Stockbroking definition

What is stockbroking?

Stockbroking is a service which gives retail and institutional investors the opportunity to buy and sell equities.

Stockbroking has evolved over the past few decades – from physical paper documentation and over-the-phone deals to online transactions. But the process for buying and selling shares is broadly the same: it requires access to a stock exchange’s books.

To trade on an exchange, you have to be a member of the exchange or work for a member firm. Stock exchanges place strict regulations on who can trade shares directly on their books, which is why most individual investors hoping to deal shares will do so via a stockbroker.

There are a few companies that will choose to offer their stock over-the-counter (OTC) but these would still be traded with a broker.

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What is a stockbroker?

A stockbroker is an individual or a firm that offers a stockbroking service – operating on behalf of retail and institutional clients. They act as an intermediary between an individual investor and the stock exchange.

Individual stockbrokers need specific qualifications in order to give clients advice, as they require a deep understanding of financial regulations, accounting, economics and financial planning.

What does a stockbroker do?

Stockbrokers buy and sell shares on behalf of their clients. There are several different levels of service a stockbroker can provide though, with the choice of provider dependant on how much control the client wants over which shares they trade:

  • Execution-only stockbrokers will complete orders on their client's behalf, but do not offer any advice
  • Advisory stockbrokers will offer advice on which shares to buy and sell, but only act on orders submitted by clients
  • Discretionary stockbrokers will trade on behalf of their clients, executing trades without their input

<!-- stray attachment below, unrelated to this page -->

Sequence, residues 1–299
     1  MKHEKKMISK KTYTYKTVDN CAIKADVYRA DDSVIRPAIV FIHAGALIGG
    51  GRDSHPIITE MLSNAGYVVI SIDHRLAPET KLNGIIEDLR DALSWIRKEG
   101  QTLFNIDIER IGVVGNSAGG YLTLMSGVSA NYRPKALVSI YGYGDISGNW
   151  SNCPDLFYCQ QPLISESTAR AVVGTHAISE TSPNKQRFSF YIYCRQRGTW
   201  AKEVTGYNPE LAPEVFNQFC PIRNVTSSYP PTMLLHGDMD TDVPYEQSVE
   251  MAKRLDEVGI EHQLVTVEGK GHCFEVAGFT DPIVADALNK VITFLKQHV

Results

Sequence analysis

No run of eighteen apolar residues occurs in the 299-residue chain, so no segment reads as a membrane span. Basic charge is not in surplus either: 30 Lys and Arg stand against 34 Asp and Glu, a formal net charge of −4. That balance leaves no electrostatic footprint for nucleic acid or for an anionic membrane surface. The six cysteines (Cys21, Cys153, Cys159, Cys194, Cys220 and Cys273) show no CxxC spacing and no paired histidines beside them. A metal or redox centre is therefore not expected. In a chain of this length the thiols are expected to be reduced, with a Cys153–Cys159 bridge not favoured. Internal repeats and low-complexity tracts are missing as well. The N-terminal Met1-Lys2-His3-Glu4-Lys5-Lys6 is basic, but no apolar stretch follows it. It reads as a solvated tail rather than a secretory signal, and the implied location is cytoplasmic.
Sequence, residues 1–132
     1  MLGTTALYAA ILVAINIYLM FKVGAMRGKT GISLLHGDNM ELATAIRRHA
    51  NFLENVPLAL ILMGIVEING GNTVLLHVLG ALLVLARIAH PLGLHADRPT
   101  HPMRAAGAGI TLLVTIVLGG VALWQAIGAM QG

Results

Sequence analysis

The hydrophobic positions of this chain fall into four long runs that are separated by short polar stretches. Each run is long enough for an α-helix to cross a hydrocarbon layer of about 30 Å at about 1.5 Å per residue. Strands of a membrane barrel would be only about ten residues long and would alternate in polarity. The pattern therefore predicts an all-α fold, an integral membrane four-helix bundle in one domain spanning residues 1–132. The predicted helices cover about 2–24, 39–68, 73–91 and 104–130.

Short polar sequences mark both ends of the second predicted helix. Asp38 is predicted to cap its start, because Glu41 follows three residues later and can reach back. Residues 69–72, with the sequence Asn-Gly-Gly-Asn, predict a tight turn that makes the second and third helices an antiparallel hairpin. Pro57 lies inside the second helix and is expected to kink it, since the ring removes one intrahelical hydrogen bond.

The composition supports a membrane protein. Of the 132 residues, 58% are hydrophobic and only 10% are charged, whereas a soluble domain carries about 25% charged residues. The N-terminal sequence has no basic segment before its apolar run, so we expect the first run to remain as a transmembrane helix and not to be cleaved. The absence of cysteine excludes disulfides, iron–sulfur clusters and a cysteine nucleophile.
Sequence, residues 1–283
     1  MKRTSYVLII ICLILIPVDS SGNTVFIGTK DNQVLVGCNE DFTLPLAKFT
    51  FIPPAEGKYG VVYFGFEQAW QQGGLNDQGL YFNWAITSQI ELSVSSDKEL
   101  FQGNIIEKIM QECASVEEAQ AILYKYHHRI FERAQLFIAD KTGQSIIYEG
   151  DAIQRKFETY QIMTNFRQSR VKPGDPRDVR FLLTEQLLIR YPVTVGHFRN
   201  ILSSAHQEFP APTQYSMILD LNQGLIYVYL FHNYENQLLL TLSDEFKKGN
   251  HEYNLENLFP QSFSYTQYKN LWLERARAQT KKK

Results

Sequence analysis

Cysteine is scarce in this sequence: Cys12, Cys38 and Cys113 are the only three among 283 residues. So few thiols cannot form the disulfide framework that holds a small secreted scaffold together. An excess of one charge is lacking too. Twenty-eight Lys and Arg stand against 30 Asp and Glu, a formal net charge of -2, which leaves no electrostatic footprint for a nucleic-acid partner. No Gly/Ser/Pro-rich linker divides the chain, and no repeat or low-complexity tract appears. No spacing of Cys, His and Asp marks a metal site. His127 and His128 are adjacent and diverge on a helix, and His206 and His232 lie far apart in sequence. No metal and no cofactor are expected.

Most stockbrokers will trade shares both on exchange and over-the-counter, dependant on where they can find the best price and liquidity. They'll charge a commission for executing trades, or a fee for retaining their services — or sometimes both. This is often a percentage of the customer’s purchase, although some brokers will ask for a flat rate.

There are other types of brokers, such as commodities brokers and forex brokers.

How does stockbroking work?

Stockbroking works by bringing buyers and sellers together to create efficiency in the market. While it usually remains up to the individual what positions they open, it is up to the broker to execute the trade and find the best price for the exchange.

They do this by using a market maker, whose job it is to buy and sell a stock, in order to facilitate market liquidity. When you enter an order with a broker, they will assess the quotes of a range of market makers and pick the best price to pass on to you – this process takes a matter of seconds. Without market makers, there would be the risk that no one would take the other side of your trade.

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